- The Duchess’s Diary by Robin Chapman
Boudicca Books, 126 pp, £3.95, February 1980, ISBN 0 9506715 0 9
- The Interceptor Pilot by Kenneth Gangemi
Boyars, 127 pp, £5.95, November 1980, ISBN 0 7145 2699 1
- Judgment Day by Penelope Lively
Heinemann, 167 pp, £6.95, November 1980, ISBN 0 434 42738 1
- Voyovic by Niall Quinn
Wolfhound, 163 pp, £5.95, December 1980, ISBN 0 905473 61 2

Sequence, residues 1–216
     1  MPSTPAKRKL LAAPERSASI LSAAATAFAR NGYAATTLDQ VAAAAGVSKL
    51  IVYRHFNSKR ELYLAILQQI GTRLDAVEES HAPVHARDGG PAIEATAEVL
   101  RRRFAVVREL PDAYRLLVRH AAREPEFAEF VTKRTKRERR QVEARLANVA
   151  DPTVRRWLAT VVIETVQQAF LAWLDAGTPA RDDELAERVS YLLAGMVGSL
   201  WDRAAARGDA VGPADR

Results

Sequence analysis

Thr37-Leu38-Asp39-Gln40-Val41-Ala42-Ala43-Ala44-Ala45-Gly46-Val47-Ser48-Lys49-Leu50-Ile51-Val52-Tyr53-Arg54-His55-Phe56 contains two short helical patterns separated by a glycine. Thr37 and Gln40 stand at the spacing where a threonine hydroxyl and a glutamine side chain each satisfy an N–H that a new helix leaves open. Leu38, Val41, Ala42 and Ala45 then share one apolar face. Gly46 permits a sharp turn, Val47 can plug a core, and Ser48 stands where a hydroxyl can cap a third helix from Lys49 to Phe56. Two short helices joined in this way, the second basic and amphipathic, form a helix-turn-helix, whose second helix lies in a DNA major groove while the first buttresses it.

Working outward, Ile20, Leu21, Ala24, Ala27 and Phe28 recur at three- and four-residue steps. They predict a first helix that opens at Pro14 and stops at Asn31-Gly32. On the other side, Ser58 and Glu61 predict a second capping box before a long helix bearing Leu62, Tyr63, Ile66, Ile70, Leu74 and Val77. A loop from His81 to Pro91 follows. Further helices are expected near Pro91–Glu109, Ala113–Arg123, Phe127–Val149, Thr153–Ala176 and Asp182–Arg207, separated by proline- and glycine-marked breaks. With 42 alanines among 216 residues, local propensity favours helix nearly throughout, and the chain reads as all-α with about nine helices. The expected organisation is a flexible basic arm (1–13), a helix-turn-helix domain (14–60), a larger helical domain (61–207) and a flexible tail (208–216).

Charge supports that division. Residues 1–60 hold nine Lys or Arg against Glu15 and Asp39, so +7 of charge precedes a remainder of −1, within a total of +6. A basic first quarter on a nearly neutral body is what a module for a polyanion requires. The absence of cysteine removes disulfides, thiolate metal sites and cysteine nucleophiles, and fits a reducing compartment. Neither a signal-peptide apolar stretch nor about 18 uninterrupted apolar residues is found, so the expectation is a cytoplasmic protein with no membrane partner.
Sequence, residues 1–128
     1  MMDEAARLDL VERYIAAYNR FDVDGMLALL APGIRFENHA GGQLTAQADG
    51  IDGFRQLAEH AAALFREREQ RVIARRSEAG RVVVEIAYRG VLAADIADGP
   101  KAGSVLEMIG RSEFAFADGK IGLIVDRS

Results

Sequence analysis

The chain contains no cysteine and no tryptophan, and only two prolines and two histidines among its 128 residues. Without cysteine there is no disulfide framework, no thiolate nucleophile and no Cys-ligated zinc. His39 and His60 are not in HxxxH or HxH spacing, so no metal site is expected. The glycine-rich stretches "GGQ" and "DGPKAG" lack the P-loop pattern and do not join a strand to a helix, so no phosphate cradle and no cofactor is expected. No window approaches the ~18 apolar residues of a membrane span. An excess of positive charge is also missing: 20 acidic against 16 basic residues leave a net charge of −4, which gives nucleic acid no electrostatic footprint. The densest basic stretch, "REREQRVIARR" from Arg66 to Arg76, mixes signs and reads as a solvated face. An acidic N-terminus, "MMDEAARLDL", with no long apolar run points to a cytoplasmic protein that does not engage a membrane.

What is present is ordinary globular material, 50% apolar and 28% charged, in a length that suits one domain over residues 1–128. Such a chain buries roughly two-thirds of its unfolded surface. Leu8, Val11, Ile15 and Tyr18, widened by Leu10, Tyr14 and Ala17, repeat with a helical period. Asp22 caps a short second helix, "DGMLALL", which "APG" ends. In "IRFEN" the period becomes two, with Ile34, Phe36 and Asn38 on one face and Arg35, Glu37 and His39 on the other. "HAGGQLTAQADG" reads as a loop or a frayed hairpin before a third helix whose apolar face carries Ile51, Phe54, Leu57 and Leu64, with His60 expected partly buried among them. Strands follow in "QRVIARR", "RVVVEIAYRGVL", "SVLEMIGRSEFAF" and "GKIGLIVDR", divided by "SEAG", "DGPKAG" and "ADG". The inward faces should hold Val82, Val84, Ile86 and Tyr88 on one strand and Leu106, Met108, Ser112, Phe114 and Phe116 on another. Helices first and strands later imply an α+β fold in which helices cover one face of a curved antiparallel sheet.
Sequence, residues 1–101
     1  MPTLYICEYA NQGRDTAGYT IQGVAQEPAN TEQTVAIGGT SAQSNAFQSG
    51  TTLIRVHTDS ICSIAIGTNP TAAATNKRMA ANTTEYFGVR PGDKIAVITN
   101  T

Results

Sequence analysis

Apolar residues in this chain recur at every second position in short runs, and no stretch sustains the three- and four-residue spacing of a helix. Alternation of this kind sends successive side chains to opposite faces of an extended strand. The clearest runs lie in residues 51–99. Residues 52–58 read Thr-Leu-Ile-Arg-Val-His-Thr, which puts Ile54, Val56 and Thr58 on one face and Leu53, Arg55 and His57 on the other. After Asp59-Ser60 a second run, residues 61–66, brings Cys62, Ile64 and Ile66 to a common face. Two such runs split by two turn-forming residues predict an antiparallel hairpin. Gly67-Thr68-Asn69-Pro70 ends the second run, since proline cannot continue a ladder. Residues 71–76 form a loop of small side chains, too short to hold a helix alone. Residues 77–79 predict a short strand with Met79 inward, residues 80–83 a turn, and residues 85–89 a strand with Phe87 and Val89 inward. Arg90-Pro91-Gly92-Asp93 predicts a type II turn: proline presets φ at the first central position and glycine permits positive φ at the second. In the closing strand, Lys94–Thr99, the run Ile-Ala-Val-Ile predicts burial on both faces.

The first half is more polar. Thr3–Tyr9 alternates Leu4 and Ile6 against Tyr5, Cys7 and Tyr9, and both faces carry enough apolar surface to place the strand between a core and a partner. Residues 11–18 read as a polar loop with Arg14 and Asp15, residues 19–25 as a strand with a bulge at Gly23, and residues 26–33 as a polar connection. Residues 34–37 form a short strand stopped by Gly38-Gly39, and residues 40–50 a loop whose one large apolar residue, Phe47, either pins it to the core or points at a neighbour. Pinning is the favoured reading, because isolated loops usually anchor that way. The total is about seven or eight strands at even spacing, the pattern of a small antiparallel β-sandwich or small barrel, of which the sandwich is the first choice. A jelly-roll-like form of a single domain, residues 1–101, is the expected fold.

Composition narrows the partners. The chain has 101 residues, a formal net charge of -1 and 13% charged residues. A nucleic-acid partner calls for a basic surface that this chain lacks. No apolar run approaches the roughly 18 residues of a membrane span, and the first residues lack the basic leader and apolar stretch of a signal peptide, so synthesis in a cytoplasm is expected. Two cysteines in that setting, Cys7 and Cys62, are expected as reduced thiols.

In the 30th chapter of the second book of Don Quixote the Don and Sancho encounter a certain duchess who thereafter plays a considerable part in their adventures. In The Duchess’s Diary Robin Chapman imagines her to have been an actual person, who had met not the fictitious Quixote but the real Cervantes; and the diary, supposedly translated from the original MS, tells her story. The first book of Don Quixote came out in 1605, the second book did not appear till ten years later. It is in this interval, in 1608, that Robin Chapman supposes the duchess and her husband, the Duke of Caparosso, to have entertained Cervantes, already famous for the first volume of his romance. What is more, although the duchess is a very young woman and Cervantes already an elderly man, she falls in love with him. They do not meet again: but she eagerly awaits the second volume of Don Quixote, in which, she does not doubt, she will find a romantic tribute to herself. It arrives in December 1615, on the shortest day, and it is a bitter disappointment. The duchess who appears in the romance is a slightly-drawn figure, a mere part of the machinery of the plot, who manages Don Quixote and his squire quite callously for her own entertainment. Maria Isabel – that is the real duchess’s name – feels this as a betrayal. She feels it so deeply that the balance of her mind, never very secure, is completely upset. At an Epiphany feast she runs spectacularly mad; and at the time the diary begins her husband has left her and she is shut up in his hunting lodge, with only her maid for companion, under the care of a frightful chaplain.
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